Jesus reason for being dismissive was “Israel first”. He was there to feed the children of Israel and she was not one of them. His gifts of grace, his practice of God’s hospitality of love, were for his people, his nation … not for those who were from different nations, not for the dogs. There are many people and nations around the world at the moment who would agree with this approach by Jesus. We have to look after our people first before helping people from other countries. America First. Australian First.
I try really hard not to be political from the pulpit – it is much safer to me to stick to issues of faith … but sometimes a considered faith is one which wrestles with political issues. We have been exploring the biblical understanding of radical hospitality and it just happens that last week was refugee week. How does this idea of hospitality and refugees fit together? Also this week our TV screens have been filled with confronting issues from the border of the US and Mexico. Immigration is a hot issue and a bible reading like this forces us ask questions. Is it ok for the United States to lock people up with the reasoning that protecting the American people is more important than helping people who are fleeing danger in other countries?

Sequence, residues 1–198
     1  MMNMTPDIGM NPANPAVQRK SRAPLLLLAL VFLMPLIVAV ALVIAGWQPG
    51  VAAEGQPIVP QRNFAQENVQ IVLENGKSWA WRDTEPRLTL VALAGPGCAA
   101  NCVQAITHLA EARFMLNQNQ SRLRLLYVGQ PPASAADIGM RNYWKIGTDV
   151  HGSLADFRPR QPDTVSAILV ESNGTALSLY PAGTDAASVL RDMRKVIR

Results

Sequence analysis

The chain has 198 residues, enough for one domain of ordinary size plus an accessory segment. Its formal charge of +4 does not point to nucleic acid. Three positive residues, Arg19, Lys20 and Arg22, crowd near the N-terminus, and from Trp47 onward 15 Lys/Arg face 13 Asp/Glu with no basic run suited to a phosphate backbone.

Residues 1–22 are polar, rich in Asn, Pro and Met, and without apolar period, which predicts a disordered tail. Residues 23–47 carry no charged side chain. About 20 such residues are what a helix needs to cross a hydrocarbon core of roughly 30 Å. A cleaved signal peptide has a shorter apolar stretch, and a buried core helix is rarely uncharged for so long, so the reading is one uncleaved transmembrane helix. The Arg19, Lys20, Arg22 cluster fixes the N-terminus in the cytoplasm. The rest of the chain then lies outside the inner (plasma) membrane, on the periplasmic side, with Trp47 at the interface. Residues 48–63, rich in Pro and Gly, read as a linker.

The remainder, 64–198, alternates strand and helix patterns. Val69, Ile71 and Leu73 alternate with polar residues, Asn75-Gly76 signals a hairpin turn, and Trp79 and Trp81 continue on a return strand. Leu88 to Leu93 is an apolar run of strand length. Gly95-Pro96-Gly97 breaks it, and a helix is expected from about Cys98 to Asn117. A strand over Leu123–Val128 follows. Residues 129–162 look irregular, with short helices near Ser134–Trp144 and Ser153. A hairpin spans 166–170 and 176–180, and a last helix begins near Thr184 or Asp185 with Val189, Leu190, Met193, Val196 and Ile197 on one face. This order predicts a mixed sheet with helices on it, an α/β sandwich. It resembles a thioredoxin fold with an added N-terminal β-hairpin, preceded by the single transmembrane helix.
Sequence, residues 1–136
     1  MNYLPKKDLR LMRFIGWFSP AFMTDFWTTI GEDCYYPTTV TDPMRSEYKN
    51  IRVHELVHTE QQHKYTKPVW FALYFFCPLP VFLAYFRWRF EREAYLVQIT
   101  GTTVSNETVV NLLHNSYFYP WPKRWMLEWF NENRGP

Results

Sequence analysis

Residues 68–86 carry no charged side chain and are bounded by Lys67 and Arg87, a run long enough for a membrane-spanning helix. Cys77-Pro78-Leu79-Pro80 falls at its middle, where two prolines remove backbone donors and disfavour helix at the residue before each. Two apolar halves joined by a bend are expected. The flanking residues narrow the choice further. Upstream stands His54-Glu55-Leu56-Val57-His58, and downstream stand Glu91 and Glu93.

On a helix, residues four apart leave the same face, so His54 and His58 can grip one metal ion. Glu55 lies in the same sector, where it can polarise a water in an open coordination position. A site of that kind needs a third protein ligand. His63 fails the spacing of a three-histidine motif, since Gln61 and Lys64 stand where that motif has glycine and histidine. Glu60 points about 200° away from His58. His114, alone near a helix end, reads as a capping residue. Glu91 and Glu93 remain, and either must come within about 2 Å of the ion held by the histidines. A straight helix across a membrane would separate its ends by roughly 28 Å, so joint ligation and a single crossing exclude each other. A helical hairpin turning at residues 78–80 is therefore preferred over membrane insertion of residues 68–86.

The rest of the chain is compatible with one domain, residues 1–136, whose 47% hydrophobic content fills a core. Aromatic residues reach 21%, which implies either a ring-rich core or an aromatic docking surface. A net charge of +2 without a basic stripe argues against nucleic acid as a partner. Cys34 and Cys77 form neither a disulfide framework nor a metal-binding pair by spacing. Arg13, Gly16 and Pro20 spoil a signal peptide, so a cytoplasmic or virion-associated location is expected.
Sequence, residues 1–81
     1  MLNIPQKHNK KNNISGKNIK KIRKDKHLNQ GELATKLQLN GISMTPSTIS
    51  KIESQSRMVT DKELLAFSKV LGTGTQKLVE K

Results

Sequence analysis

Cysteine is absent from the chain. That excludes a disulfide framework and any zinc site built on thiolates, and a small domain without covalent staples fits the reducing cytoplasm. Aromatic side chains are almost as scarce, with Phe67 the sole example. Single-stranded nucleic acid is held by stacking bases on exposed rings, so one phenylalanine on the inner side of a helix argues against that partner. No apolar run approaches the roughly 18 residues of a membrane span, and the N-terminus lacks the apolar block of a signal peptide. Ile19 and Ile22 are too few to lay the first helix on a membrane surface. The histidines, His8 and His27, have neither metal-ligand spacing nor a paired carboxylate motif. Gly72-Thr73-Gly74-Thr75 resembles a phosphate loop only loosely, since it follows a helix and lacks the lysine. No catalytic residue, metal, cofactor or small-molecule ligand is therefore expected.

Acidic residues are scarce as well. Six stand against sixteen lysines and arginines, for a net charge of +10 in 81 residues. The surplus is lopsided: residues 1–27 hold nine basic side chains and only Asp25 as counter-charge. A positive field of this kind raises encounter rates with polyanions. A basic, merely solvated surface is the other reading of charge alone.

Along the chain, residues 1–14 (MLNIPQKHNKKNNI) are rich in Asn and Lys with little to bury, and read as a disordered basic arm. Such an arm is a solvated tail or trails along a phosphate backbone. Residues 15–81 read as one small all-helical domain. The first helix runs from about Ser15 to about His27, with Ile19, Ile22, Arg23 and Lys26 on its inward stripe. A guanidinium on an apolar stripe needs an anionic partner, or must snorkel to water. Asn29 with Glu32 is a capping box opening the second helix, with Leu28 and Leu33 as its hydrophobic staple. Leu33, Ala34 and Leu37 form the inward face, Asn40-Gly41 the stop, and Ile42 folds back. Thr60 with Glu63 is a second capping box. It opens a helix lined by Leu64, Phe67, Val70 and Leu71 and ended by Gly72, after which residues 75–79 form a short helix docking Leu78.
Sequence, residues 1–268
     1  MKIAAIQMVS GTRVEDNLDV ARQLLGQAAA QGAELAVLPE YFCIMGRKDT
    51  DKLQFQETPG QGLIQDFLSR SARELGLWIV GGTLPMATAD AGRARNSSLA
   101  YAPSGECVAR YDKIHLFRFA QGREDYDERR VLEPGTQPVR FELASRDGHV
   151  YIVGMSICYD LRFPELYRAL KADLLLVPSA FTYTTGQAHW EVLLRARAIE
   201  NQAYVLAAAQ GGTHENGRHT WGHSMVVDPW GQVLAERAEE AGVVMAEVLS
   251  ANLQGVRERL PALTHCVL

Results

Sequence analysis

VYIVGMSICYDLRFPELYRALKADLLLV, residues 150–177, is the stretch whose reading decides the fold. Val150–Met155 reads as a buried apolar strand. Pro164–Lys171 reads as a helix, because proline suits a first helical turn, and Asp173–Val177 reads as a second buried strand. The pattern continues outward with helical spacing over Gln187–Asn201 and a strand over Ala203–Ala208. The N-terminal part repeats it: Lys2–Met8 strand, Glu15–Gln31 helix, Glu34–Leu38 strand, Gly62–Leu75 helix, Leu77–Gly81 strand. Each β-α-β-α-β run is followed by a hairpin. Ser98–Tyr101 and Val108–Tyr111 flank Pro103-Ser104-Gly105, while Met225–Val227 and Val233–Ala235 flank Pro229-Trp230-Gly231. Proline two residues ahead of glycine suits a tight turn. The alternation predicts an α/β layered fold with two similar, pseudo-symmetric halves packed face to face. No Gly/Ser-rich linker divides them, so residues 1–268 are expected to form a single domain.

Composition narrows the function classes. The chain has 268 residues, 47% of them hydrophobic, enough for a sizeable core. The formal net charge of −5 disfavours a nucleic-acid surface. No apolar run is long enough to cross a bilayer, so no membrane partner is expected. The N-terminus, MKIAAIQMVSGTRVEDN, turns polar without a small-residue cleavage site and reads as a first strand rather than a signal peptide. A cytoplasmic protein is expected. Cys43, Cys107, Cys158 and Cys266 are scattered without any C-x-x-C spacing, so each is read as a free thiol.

Here is another people asking for help being locked up … but it is not the states … this is Nauru. This week we might have been upset with what has been happening in the US but we have been doing something similar here for years. I’m not saying that Australia is all bad when it comes to helping people escaping from war and just looking for help and peace for their families. I was so pleased last year when our government said that we would take an extra 12,000 of these people from Syria who are so desperate. But have you heard the same comments that I have heard in response to this? “Why are we helping them? We have homeless people in Australia … why don’t we look after them first?” Whilst there is some validity to the statement … there is this underlying attitude … why do we need to help them, we are only here to help Australians. Let their people look after them. “Let the children eat all they want for it is not right to take the children’s bread and toss it to the dogs”